tion, will hold day-and-night open
house during every day of Orienta-
tion Week. Hosts and hostesses will
always be on hand to greet the fresh-
men, Zeiger explained. He urged
freshmen to visit the Foundation
building, East University and Oak-
land avenues, as soon as 'possible
after arriving in Ann Arbor.
Party Is Sponsored
The Foundation will also sponsor
a Freshman Party beginning at 8:30
p.m. Saturday in the Michigan Wol-
verine. Dancing, refreshments and
a floor show will be the "order of
1 the night."
. Zeiger emphasized that freshmen

II

" iI r re'tU'iU
visitors to the Foundation this week
would be welcome to the use of the Relatively well mown to every
building's many facilities, includinguRelavelybwellkownto every;
radio-phonographs (with a large upper classman but likely to escape
collection of popular, symphonic and the attention of entering freshmer
synagogal recordings), library, game is the Arboretum, garden spot of
room and lounges. Ann Arbor and the University.
Rabbi Cohen succeeds Dr. Isaac Visitors to Ann Arbor have called
Rabinowitz as director of the local t orto An or he caled
Foundation. Dr. Rabinowitz has the Arboretum one of the most beau-.
been promoted to a position in which tiful spots of its kind in the middle
he will aid in organizing a new Hillel west, and students are equally ap
chapter, at Brooklyn College. He preciative of its charm. From May,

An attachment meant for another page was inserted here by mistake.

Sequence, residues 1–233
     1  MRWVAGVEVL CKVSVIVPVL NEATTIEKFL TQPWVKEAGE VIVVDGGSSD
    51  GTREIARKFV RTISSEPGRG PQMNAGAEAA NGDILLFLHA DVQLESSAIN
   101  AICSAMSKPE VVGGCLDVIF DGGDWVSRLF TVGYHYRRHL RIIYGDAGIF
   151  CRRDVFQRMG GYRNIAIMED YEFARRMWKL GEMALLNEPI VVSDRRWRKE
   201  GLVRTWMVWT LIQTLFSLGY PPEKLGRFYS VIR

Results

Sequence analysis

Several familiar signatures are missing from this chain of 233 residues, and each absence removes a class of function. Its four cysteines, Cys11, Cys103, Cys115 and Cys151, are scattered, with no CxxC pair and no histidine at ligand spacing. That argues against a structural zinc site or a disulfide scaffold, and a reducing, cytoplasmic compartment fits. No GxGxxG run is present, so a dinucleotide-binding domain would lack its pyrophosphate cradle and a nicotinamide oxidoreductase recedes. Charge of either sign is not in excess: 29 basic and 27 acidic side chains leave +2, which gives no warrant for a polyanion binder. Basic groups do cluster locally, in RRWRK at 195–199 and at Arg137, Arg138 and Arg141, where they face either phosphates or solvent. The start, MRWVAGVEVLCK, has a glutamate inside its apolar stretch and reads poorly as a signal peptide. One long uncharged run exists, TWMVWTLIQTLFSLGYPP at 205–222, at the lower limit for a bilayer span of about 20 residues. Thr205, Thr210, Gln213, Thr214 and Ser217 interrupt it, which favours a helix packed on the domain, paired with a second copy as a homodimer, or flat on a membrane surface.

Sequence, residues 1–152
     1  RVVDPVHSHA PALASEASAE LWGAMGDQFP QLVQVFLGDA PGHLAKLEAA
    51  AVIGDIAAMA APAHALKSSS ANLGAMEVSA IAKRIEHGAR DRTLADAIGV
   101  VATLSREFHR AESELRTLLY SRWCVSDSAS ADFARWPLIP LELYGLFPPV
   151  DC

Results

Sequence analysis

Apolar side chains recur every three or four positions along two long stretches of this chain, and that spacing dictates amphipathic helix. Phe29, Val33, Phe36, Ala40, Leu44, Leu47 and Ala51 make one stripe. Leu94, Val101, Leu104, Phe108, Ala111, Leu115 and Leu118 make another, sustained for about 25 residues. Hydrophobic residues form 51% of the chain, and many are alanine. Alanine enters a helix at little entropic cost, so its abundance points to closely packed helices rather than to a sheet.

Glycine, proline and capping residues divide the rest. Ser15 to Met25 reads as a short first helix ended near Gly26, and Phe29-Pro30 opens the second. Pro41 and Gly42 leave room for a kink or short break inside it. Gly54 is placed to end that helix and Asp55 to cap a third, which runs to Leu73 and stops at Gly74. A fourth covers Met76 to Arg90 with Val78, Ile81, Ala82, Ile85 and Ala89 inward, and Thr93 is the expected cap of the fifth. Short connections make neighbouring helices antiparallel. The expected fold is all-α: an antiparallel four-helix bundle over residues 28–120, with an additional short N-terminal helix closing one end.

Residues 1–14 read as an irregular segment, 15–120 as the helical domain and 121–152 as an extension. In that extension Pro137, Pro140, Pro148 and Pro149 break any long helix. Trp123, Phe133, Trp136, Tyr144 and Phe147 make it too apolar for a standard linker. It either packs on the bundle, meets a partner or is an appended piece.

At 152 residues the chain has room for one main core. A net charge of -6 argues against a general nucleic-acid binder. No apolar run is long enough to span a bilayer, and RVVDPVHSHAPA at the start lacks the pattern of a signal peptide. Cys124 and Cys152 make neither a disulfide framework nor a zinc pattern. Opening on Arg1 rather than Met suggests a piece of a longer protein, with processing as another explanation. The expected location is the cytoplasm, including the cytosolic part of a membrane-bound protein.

will work with Dr. Abram L. Sachar, through October its 96 acres of roll-
national director of the Hillel Foun- ing ground are ideal for long,
As in previous years, the Founda- thoughtful walks, and during the
dation. winter skiing and tobogganing en-
tion will sponsor services on the thusiasts hold forth there.
Jewish "high holidays": Rosh Hash- Foliage in the Arboretum is now
onah (New Year), Oct. 2. 3 and 4; at its best, although most of the
and Yom Kippur (Day of Atone- flowers are gone. Relatively damp
ment), Oct. 11, 12 and 13. weather during the summer ensured
Plans To Be Announced heavy crops of leaves on the many
Detailed plans for these services maple and oak trees, and within the
will be announced later. next few weeks frost should turn
Zeiger announced that Hillel's them to brilliant colors.
regular yearly activities would begin Greatest fame of the Arboretu,
immediately after Orientation Week. however, is due to University stu-
Shortly after University classes be- dents who have made its 96 acres
gin, he explained, the first issue of their favorite locale for starry-eyed
the Hillel News will appear, the Hillel hand-in-hand walks during lazy,
Players' dramatic group will call for lovelorn hours.
tryouts and Hillel classes will begin.
Plans are already under way for
a fine list of speakers for Hillel's SHOP AT -302 S. State St.
annual forum series, he added, and
these will be announced soon. Final-
ly, Zeiger urged all Jewish students
,to support Hillel's Annual Member-

Varsity Glee Club members gather around the piano for an in-
formal songfest in preparation for one of the club's numerous tradi-
tional campus functions.
150 Freshmen Attend Rendezvous
One freshmen group that will en- from the ranks of entering freshmen
ter Orientation Week having some were also instructed in the customs,
perspective of University life are traditions and facilities of the Uni
versity.
those who attended the three-day Talks and open discussions were
session of the Freshman Rendezvous. held on such topics as "Religion and
Sponsored by the Student Relig- Social Problems" and "Problems
ious Association, the Rendezvous wat Freshmen Face". The various aspects
held at the University Fresh Air of University athletics, religious or-
Camp on Patterson Lake for the pur- ganizations, and publications were
pose of answering questions vital to treated by camp counselors and
freshmen. The 150 chosen at random speakers prominent' on the campus